When the ancient Polynesians invented surfing, they often used a paddle to help them navigate. Fast-forward a few millennia, and Stand-Up Paddleboarding, or SUP, finds itself trendy again. Part of its increasing popularity is that standing upright allows surfers to spot waves more easily and thus catch more of them, multiplying the fun factor. Paddling back to the wave becomes less of a strain as well. The ability to cruise along on flat inland water, surveying the sights, is another advantage. Finally, its a good core workout. If youre sold on the idea, schedule an intro SUP lesson, free with board and paddle rental, and you may find yourself riding the waves like a Polynesian king.More
In the past 30 years, light artists have reimagined an art form that has always had the ability to turn the night sky, or a simple window, into luminescence. Last fall, the Yerba Buena Center for the Arts turned its southern glass wall into a parade of sound-sensing lights, Lightswarm, that changes with the movements of nearby people and things. Future Cities Lab, the San Francisco design company behind Lightswarm, has originated another notable light sculpture. Located by the YBCA's steps at 701 Mission, Murmur Wall will light up in arresting ways as it incorporates local trending search engine results and social media postings. Onlookers can offer their own contributions, which will feed into the Murmur Wall's data stream and light up the sculpture. What's trending in San Francisco? If you're walking by the YBCA, you can see firsthand — at least through light patterns that reflect the city's volatile internet habits.
Murmur Wall debuts Thursday at 6 p.m. and continues through May 31, 2017, at Yerba Buena Center for the Arts, 701 Mission St., S.F. Free; 415-978-2700 or ybca.org. More
With neighborhood institutions like the 21 Club closing to make way for yuppie cocktail bars, Brown Jug remains an oasis — and one that takes full advantage of the state's operating hours window, 6 a.m. to 2 a.m. daily.
Keith Lowell Jensen hates Chicago. But he has a reason. He spent a night in jail there after being caught with a handgun in the airport. But it wasn’t his gun. Unknown to Jensen, the gun was in his friend’s bag, which Jensen carried through security while the friend checked in. So Jensen asked the cops to fetch his friend so he could explain. But they wouldn’t. One cop asked Jensen whether he was a skinhead, even though Jensen had long hair. This made Jensen mad. His reply made the cop madder. Another cop wanted to release Jensen. But he wouldn’t after he learned that Jensen was a communist. Except he wasn’t -- or, he hadn’t meant to be. So Jensen and his friend went to jail. Their dinner? Bologna sandwiches with lots of mayo. Did we mention that Jensen is vegan? Welcome to The Angry Geek Show. Erikka Innes (who calls herself “the sexy nerd”) says it’s “a smart comedy show for people who hate things.” We’re not sure what Innes hates, but Sammy Obeid hates couples. To express his loathing while he walks on crowded streets, he plays a childhood game with people holding hands. “Red rover, red rover,” he says as he walks between them and pulls their hands apart, “this relationship is over.” Brick Stone (“scourge of the Westboro Baptist Church”) hosts the lineup that also includes Alison Stevenson (“the comic book reader”), Tapan Trivedi (“the Indian nerd”), and Nina Daniels (“the cello nerd”). Jensen, meanwhile, is listed as “the atheist nerd.” We bet he didn’t tell airport security about that -- otherwise he’d still be in Chicago.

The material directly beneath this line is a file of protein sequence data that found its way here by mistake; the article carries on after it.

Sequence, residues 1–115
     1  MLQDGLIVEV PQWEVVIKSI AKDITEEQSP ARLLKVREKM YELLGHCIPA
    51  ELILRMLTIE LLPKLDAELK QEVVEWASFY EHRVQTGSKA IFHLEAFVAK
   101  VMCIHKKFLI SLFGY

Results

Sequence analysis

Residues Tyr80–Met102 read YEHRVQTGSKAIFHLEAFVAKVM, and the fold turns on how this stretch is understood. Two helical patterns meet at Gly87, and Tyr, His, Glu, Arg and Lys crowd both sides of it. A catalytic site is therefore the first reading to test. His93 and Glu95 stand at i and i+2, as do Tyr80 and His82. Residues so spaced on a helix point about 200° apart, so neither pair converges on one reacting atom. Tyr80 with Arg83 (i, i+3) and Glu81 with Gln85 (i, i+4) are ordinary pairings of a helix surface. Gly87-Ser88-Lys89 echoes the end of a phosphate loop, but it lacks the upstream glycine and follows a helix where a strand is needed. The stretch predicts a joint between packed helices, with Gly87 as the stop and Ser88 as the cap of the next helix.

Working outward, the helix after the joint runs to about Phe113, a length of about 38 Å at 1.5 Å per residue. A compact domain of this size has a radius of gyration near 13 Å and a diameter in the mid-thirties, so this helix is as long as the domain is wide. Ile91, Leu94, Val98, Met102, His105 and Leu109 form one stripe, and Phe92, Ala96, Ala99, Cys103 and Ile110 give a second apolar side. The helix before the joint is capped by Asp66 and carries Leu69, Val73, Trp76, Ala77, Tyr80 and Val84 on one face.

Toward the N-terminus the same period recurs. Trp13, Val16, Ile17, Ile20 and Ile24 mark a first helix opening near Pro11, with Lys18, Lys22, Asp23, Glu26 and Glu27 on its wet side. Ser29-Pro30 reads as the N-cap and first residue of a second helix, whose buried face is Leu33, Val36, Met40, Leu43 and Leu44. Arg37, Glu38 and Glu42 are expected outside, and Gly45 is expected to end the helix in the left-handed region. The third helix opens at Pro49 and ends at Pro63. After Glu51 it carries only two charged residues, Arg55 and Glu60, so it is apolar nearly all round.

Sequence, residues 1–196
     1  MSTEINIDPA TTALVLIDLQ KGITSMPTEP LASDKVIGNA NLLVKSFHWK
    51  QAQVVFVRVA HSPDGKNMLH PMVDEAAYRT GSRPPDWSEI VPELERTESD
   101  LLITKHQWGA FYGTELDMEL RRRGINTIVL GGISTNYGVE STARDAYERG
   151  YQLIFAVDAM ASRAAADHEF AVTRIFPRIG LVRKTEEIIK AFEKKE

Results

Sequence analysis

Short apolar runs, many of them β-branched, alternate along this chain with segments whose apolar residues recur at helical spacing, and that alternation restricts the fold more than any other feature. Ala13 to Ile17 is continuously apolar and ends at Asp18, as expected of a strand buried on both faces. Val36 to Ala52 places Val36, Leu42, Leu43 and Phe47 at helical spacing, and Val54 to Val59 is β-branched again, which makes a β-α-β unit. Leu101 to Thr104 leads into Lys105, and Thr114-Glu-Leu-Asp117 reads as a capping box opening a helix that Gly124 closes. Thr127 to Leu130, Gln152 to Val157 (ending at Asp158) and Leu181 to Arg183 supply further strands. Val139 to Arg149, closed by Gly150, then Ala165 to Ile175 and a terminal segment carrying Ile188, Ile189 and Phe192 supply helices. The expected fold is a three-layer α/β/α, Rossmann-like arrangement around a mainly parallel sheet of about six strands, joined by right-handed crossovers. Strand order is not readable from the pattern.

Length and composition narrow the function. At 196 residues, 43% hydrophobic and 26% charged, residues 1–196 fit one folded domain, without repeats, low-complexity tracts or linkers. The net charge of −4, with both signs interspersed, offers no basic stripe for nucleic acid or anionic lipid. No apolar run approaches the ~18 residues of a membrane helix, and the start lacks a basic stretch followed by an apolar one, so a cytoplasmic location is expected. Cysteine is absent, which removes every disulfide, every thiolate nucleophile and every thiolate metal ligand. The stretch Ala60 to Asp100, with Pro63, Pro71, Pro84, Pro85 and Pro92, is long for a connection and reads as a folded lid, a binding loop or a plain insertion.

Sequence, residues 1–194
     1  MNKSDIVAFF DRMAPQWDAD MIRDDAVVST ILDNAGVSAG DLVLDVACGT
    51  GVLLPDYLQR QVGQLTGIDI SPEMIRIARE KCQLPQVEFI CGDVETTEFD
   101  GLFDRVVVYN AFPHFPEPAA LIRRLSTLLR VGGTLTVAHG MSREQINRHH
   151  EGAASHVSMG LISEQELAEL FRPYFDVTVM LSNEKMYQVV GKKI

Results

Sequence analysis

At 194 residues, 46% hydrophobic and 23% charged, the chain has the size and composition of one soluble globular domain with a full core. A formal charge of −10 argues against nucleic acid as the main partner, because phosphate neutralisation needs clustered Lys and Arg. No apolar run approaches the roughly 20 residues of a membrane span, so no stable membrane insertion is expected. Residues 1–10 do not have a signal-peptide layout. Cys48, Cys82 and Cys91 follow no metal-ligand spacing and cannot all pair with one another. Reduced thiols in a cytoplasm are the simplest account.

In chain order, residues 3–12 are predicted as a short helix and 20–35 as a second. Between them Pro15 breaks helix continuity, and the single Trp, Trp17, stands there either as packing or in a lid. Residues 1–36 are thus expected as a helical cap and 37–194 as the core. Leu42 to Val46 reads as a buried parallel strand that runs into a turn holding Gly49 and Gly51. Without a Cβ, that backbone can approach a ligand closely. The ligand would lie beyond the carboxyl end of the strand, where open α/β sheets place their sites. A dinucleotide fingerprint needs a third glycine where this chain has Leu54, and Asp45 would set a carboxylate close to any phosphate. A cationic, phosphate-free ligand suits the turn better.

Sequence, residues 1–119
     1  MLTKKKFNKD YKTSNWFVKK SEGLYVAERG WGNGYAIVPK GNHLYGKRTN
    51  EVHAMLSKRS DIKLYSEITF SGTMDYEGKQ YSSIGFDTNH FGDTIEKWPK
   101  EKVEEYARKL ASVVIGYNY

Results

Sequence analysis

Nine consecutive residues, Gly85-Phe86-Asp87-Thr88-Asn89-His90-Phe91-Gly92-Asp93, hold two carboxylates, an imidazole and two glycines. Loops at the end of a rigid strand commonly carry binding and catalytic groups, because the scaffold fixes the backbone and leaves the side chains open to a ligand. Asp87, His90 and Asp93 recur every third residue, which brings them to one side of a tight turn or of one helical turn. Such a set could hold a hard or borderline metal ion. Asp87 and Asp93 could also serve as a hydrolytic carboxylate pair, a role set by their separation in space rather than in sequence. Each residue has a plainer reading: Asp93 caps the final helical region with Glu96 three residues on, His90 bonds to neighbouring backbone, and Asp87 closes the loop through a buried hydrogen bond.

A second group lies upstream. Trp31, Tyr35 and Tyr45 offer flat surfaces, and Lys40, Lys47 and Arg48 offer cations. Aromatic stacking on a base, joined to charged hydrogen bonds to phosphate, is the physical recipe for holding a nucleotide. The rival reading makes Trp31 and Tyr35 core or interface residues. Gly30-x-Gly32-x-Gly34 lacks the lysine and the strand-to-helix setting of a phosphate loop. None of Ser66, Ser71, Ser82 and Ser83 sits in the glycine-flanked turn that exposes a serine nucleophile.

Tue., April 10, 8 p.m., 2012
Sub Pop recording artists 'clipping.' brought their brand of noise-driven experimental hip hop to the closing night of 2016's San Francisco Electronic Music Fest this past Sunday. The packed Brava Theater hosted an initially seated crowd that ended the night jumping and dancing against the front of the stage. The trio performed a set focused on their recently released Sci-Fi Horror concept album, 'Splendor & Misery', then delved into their dancier and more aggressive back catalogue, and recent single 'Wriggle'.
Opening performances included local experimental electronic duo 'Tujurikkuja' and computer music artist 'Madalyn Merkey.'"